Saudi women make up 23 percent of Saudi Arabia’s labor force. (File/AFP)
The Kingdom’s labor force comprised of 23 percent female in 2018
our countries – Argentina, US, India and China – saw a decrease in women’s participation in their labor forces
DUBAI: Saudi Arabia recorded the highest growth rate of women joining the labor force over the past 20 years among the G20 countries, Pew Research Center data revealed, as the group steps up efforts to promote women empowerment.
According to the research, the Kingdom’s labor force comprised of 23 percent female in 2018, an increase of seven percent from 1998 figures, owing to an ongoing national push to empower locals as part of the Saudi Vision 2030.
This represents the highest increase among the G20 member states, followed by Australia and Germany, both recording a six percent increase.
Four countries – Argentina, US, India and China – saw a decrease in women’s participation in their labor forces, with economic giant China recording an 11 percent decrease over the past two decades.
These numbers come as more people in the G20 nations “are strongly in favor of increased gender equality in their country,” according to the US research center.
The G20 countries previously committed to a 25 percent reduction in the gap between the shares of men and women participating in their countries’ labor forces by 2025.
Saudi Islamic Affairs Minister Sheikh Abdullatif Al-Asheikh receives Dr. Tamader bint Youssef Al-Rammah, deputy minister of labor and social development, at his office in Riyadh. (SPA)
RIYADH: Saudi Islamic Affairs Minister Sheikh Abdullatif Al-Asheikh held a meeting with Dr. Tamader bint Youssef Al-Rammah, deputy minister of labor and social development at his office in Riyadh during which they discussed aspects of joint cooperation between their respective ministries to further develop the nonprofit sector in line with Saudi Vision 2030.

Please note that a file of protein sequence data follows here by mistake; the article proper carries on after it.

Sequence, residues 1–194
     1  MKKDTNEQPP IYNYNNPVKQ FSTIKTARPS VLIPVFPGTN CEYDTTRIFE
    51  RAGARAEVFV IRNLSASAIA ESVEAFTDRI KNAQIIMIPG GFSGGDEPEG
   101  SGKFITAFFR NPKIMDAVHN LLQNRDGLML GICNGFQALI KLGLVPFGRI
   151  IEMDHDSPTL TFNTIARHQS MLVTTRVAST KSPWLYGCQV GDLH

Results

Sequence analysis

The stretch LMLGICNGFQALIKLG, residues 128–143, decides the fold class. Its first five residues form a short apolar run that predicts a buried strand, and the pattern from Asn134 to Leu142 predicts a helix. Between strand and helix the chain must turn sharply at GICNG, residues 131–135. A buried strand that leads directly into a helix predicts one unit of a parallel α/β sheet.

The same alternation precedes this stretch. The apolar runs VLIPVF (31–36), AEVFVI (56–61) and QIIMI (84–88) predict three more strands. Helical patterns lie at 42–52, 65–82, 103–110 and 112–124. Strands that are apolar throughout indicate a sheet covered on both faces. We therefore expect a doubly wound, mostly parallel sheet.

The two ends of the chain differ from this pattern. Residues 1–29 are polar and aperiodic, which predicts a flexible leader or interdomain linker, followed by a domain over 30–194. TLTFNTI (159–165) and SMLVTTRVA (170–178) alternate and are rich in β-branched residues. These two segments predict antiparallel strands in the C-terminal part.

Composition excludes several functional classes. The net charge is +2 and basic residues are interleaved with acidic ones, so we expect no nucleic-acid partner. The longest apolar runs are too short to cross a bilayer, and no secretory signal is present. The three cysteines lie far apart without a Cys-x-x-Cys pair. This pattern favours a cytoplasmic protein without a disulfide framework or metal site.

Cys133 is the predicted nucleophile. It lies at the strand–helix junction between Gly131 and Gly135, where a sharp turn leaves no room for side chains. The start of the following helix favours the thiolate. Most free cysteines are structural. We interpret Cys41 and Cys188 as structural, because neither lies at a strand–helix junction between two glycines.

Al-Rammah said that the two ministries could jointly work to promote moderate values in society.
Recently, the Islamic Affairs Ministry successfully carried out a project in 35 countries around the world to promote Islamic values of moderation and tolerance.
The program included scientific activities, preaching, advocacy, awareness lectures and training sessions.
The Saudi Labor Ministry is also taking steps for the empowerment of all citizens, including women and those with disabilities, to ensure a prosperous future for the country and achieve sustainable development.
It also aims to increase the nonprofit sector’s sustainable economic contribution to the gross domestic product from 0.3 to 0.6 percent, and the percentage of workers in the sector from 0.13 to 0.32 percent of the total workforce.
BP raised its estimates of Saudi Arabia’s crude oil reserves at the end of last year by 12%. (AFP/File Photo)
Saudi proved oil reserves were revised to 297.7 billion barrels
Increase due to Kingdom reporting separately oil, gas and natural gas liquids (NGL) reserves
Estimates of Saudi Arabia’s crude oil reserves have increased by 12 percent, closing in on Venezuela’s top spot in the world.
In the first major change to the estimated reserves since 1989, BP revised Saudi Arabia’s proved oil reserves to 297.7 billion barrels at the end of 2018 from 266.2 billion a year earlier, only slightly behind 303 billion in Venezuela.
Canada was third with 168 billion barrels, followed by Iran with 156 billion and Iraq with 147 billion.
Saudi oil reserves
Saudi Arabia’s proved oil reserves were revised to 297.7 billion barrels at the end of 2018, BP said on Tuesday. The estimate is considerably higher than both its previous estimate and a certification by consultants DeGolyer and MacNaughton announced in January. The latter estimate put the Kingdom’s proven oil reserves at the end of 2017 at about 268.5 billion barrels, including reserves in the Partitioned Zone jointly owned by Saudi Arabia and Kuwait.
In its benchmark 2019 Statistical Review of World Energy, BP recalibrated some Saudi gas reserves as oil after Saudi Arabia started separate reporting of oil, gas and natural gas liquids (NGL) reserves, BP chief economist Spencer Dale said.